Readers with an interest in identity offences (eg individuals buffing their attributes in order to gain government social service payments to which they are not entitled) and mechanisms such as the Australia Card (the subject of a work noted here) will appreciate the report's coverage of 'Social Security Fraud'. For example -
information, or omitting relevant information, to a government agency in order to receive a social security benefit to which the person is not entitled. Benefits can include unemployment benefits, disability pensions and family allowances. In a report calculating the cost of fraud in the United Kingdom, the National Fraud Authority (NFA) reported that benefit fraud against the Department for Work and Pensions amounted to £1.1b in 2008–09. This represents an increase of £500m from the estimated mid-point of £700m in 2005–06, reported in the 2008–09 Fraud against the Commonwealth report (Levi, Burrows & Hopkins 2007). This included:
• £260m in housing benefit;
• £250m in income support;
• £110m in pensions credit;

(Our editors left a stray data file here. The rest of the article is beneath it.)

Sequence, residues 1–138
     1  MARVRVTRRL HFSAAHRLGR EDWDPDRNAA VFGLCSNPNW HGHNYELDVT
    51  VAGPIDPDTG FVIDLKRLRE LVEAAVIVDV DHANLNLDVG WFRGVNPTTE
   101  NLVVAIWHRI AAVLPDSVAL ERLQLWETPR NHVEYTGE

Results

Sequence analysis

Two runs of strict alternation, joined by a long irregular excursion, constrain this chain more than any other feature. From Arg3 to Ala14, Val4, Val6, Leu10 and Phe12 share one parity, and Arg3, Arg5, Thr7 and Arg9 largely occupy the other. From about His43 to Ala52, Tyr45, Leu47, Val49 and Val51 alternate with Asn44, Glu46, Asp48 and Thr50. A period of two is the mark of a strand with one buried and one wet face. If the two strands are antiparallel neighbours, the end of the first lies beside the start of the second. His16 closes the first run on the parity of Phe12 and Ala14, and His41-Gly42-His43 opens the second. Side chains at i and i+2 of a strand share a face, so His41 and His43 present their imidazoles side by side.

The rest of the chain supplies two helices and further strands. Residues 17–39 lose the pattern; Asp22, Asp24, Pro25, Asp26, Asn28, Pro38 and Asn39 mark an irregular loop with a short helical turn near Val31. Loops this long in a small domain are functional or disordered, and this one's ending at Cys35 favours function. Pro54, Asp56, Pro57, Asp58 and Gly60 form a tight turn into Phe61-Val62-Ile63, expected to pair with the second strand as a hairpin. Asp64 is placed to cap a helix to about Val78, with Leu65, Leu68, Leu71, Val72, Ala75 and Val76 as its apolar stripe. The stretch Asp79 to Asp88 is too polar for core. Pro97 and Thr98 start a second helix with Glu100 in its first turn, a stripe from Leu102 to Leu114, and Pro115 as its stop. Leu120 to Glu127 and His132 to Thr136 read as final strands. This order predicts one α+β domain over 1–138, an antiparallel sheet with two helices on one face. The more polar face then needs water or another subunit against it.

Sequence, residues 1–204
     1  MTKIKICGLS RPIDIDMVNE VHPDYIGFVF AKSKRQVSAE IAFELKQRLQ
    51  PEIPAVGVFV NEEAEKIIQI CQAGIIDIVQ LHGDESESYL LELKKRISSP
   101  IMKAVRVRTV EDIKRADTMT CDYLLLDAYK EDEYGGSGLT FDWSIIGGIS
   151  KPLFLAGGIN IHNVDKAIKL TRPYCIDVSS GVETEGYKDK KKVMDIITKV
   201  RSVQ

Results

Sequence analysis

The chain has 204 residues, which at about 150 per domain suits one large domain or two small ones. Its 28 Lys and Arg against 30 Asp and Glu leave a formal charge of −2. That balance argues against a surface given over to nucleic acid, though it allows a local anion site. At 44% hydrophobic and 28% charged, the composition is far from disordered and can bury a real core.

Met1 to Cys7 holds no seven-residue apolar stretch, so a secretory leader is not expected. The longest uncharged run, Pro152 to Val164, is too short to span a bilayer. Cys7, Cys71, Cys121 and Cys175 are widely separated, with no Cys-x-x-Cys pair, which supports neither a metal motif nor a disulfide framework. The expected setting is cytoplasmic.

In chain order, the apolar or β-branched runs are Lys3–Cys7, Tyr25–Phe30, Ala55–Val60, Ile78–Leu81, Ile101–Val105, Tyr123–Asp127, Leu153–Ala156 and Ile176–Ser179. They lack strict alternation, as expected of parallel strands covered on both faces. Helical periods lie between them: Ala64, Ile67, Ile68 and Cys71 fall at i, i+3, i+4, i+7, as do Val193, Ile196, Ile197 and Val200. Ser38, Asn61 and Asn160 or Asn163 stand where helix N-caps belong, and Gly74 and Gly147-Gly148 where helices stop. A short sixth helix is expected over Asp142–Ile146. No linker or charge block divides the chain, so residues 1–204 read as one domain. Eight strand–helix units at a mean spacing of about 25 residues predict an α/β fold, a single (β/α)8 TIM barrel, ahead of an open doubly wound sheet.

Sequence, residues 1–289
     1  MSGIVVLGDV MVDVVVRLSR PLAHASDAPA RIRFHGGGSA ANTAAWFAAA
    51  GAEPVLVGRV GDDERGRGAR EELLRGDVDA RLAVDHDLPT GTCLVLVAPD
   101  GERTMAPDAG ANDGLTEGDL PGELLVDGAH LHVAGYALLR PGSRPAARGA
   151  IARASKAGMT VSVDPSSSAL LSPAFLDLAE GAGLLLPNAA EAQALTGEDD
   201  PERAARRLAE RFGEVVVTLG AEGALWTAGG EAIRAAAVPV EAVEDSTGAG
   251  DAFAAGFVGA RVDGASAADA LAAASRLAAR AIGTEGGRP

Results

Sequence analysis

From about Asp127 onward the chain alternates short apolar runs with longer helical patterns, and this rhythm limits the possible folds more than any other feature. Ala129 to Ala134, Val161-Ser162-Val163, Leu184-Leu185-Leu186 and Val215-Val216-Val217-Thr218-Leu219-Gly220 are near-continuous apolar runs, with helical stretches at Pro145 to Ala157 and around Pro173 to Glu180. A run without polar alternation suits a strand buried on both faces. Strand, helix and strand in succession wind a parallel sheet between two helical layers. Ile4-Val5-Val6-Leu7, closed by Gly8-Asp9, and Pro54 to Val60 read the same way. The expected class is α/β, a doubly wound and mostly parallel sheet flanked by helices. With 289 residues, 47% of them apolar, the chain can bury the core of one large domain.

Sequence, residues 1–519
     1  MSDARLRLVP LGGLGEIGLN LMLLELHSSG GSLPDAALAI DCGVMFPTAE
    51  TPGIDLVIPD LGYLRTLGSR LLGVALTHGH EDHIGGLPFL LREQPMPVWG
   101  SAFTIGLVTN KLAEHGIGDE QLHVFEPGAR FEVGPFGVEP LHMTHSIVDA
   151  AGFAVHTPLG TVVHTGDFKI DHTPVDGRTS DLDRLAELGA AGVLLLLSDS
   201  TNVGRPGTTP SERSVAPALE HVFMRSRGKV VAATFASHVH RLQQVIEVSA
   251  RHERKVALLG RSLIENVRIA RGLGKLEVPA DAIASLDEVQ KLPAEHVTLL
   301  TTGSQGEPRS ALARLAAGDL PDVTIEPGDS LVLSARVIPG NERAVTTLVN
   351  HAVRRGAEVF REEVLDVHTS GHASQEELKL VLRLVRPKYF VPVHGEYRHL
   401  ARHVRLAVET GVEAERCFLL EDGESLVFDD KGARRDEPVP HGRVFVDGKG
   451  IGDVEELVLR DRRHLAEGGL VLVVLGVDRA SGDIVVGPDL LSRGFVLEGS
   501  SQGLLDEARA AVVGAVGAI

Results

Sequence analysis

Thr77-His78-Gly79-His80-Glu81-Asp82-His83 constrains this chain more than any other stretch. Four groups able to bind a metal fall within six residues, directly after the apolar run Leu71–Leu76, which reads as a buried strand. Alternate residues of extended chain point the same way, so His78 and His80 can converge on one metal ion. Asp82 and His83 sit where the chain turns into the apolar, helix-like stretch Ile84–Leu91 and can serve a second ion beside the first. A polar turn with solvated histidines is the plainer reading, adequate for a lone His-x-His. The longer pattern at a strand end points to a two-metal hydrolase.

• £110m in other related fraud;
• £80m in jobseekers allowance;
• £70m to incapacity benefit;
• £45m in disability living allowance;
• £50m in carers’ allowance;
• £50m council tax benefits;
• £10m in instrument of payment fraud; and
• £10m in interdependencies (NFA 2010).
In Australia, Centrelink administered $86.8b in payments to 6.8 million customers in the 2008–09 financial year alone. The large customer base of Centrelink leaves the agency particularly vulnerable to fraud. One of the ways to combat social security fraud is through the use of 'tip off' hotlines. In 2008–09, Centrelink conducted 50,277 entitlement reviews resulting from public tip-offs, which led to alterations to the customer’s payment and/or a debt of $119.3m (Centrelink 2009). In the 2008–09 financial year, Centrelink conducted nearly 3.9 million entitlement reviews that resulted in 641,504 payments being cancelled or reduced and generating customer debts totalling $536.2m (Centrelink 2009).